• Infrastructure barriers: a lack of suitable long-term investment opportunities also acts as a barrier. This stems from:
• Poor government planning resulting in a lack of a infrastructure pipeline and financing vehicles providing investors the necessary risk/return tradeoffs which they need;
• A lack of investor knowledge or scale;
• Inappropriate investment conditions for investment due to deficiencies in data reporting and benchmarking requiring resolution.
Squaring the circle
The OECD believes reform can be used to encourage institutional investors to embrace a long term role. These could include:
• Improving the regulatory framework: Developing long term risk-management systems, removing regulatory barriers and addressing potential short term incentives in solvency and funding regulations. Building expertise and investor capability will be key as informed, knowledgeable investors are a basis for good governance and proper alignment of incentives.
• Policies to encourage active share ownership: Governments should check that there are no regulatory barriers to institutional investors acting as active shareholders (such as share blocking/taxation issues/takeover issues/collaboration). Practical encouragements could also be put in place (such as allowing electronic voting of shares), or regulation could be more prescriptive (such as requiring institution investors to disclose voting records, and their governance/conflict of interest policies). Other incentives, such as giving multiple voting rights to long-term investors, could also be considered.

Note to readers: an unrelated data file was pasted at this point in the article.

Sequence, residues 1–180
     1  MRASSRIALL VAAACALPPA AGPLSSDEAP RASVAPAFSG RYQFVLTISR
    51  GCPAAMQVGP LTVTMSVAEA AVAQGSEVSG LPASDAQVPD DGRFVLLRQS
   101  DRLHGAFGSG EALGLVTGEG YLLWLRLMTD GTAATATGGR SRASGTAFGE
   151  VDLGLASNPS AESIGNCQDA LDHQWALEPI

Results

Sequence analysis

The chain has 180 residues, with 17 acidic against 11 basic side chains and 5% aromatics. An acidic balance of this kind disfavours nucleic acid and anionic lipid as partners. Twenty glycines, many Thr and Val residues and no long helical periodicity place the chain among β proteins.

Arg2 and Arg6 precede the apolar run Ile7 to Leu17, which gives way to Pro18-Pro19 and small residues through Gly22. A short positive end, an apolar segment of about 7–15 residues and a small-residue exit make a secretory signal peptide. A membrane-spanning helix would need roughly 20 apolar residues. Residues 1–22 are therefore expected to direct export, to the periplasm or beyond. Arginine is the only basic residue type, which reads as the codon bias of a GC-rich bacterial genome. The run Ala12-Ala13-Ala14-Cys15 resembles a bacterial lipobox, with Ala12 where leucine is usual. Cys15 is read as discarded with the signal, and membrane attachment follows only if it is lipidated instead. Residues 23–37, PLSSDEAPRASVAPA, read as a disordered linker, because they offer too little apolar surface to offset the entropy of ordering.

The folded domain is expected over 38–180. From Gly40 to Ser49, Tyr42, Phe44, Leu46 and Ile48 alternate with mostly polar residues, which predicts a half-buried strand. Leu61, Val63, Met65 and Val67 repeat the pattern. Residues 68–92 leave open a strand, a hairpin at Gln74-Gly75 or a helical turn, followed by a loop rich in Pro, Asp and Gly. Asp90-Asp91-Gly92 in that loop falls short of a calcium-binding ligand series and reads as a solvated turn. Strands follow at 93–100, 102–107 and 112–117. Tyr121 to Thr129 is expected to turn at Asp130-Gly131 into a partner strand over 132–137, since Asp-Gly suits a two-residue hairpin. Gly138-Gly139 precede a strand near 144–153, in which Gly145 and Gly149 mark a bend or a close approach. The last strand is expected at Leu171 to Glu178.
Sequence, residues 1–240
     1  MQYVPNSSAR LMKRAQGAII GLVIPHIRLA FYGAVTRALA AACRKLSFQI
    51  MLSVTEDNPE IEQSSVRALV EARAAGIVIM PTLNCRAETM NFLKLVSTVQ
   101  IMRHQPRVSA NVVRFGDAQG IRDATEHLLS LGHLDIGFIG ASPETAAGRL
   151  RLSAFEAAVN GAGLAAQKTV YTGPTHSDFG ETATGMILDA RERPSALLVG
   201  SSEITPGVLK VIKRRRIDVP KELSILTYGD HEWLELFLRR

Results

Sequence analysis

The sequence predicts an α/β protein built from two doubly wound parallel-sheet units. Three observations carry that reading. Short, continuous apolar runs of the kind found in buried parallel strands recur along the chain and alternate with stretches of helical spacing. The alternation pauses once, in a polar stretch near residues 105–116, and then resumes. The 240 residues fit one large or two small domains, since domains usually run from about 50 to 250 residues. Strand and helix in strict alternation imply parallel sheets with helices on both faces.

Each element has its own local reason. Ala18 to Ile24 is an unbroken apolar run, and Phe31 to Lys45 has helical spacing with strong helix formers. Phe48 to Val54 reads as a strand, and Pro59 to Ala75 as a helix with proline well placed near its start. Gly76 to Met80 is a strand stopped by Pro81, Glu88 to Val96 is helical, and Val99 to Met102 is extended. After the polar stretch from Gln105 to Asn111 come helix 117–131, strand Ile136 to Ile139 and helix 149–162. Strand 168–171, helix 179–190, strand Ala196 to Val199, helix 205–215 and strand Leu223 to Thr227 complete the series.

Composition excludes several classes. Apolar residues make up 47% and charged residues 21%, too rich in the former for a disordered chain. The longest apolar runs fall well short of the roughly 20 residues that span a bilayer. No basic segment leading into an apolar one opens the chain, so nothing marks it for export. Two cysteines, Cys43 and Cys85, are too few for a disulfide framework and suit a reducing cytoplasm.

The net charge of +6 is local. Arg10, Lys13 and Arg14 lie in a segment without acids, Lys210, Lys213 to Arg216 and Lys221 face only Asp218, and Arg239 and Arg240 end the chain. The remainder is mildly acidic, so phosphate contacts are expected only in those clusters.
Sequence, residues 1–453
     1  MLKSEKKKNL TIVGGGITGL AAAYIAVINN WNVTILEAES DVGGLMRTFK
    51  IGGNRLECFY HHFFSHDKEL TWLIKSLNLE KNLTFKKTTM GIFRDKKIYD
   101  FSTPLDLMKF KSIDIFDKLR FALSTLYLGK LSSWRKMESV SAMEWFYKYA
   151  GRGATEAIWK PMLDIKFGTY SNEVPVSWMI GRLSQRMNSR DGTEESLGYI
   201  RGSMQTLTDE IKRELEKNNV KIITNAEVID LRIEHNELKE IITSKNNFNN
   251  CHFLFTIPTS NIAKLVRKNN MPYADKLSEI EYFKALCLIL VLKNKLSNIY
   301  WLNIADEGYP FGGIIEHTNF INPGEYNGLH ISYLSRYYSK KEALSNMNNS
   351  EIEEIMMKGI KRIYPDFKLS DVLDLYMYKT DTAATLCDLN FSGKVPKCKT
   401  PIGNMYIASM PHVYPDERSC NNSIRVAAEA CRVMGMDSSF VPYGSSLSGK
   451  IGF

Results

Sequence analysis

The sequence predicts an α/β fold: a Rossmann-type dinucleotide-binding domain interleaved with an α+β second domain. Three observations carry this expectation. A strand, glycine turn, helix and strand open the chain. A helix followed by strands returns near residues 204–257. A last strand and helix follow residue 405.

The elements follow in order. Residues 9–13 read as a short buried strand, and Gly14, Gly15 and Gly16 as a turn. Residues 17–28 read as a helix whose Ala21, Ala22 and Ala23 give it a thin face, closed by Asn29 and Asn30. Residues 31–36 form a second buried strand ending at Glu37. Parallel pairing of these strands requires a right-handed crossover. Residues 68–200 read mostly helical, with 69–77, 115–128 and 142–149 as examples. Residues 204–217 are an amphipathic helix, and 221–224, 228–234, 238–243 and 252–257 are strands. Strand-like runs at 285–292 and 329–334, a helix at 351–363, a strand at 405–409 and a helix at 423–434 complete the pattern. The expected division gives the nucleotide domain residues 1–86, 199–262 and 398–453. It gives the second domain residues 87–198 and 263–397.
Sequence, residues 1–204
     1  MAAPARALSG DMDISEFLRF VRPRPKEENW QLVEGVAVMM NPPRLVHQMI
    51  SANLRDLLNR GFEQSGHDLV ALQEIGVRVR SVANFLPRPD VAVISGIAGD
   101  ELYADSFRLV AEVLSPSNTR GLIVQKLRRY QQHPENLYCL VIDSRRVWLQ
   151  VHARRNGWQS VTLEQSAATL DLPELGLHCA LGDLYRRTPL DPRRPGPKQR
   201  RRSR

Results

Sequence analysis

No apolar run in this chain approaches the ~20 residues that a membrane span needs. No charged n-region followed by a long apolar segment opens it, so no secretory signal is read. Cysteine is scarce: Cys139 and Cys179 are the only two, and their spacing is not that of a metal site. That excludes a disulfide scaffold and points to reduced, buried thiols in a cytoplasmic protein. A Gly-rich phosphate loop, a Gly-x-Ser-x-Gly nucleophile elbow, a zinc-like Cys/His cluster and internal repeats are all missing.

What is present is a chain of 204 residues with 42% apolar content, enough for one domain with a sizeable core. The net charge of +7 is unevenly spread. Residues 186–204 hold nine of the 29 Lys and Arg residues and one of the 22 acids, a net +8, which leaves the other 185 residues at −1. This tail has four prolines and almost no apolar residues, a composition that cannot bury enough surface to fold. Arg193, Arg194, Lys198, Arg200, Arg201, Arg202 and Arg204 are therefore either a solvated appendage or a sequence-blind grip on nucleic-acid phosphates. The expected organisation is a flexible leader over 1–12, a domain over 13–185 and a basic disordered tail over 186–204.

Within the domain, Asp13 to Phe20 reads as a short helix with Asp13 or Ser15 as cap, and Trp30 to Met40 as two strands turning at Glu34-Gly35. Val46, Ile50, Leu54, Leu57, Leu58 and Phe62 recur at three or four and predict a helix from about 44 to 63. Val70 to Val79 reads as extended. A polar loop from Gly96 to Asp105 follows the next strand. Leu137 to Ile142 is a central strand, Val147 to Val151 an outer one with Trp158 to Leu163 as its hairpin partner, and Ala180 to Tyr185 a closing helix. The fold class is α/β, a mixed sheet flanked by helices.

The burden of active engagement can be reduced by encouraging collaboration via investor groups (such as the International Corporate Governance Network). Alternatively, funds could use activist fund services or proxy voting firms, keeping in mind that their advice should be free conflicts of interest compromising the integrity of their analysis or advice. Guidance on the behaviour expected from institutional investors is key, financial regulators having a role to play in encouraging long-term, active investment (eg, through supporting national or international codes of good practice, such as the Stewardship Code which is gaining widespread support in the UK) and issue guidance of how they expect institutional investors to behave. In order to ‘nudge’ investors to follow such guidance, supervisors can shift the focus on their investigations, enquiring as to the turnover of funds, the length of mandates given to external managers, how fees are structured, voting behaviour etc.
• A supportive policy framework needs to be developed. Policymakers should help investors address long-term risks, such as longevity by supporting the development of transparent and reliable indices and other aspects of market infrastructure. Government can also issue long maturity and inflation-indexed bonds that facilitate long-term risk management by investors. A transparent environment for infrastructure investment is needed, with a clear pipeline of projects and well structured public private partnerships. Governments should seek to understand the investment needs and requirements of institutional investors and assess the scope for promoting the “right” investment opportunities.
The OECD will continue to explore these themes through its long-term investing project, incorporating data collection, policy analysis, discussions and debate at a series of forthcoming high-level conferences. For further information see www.oecd.org/finance/lti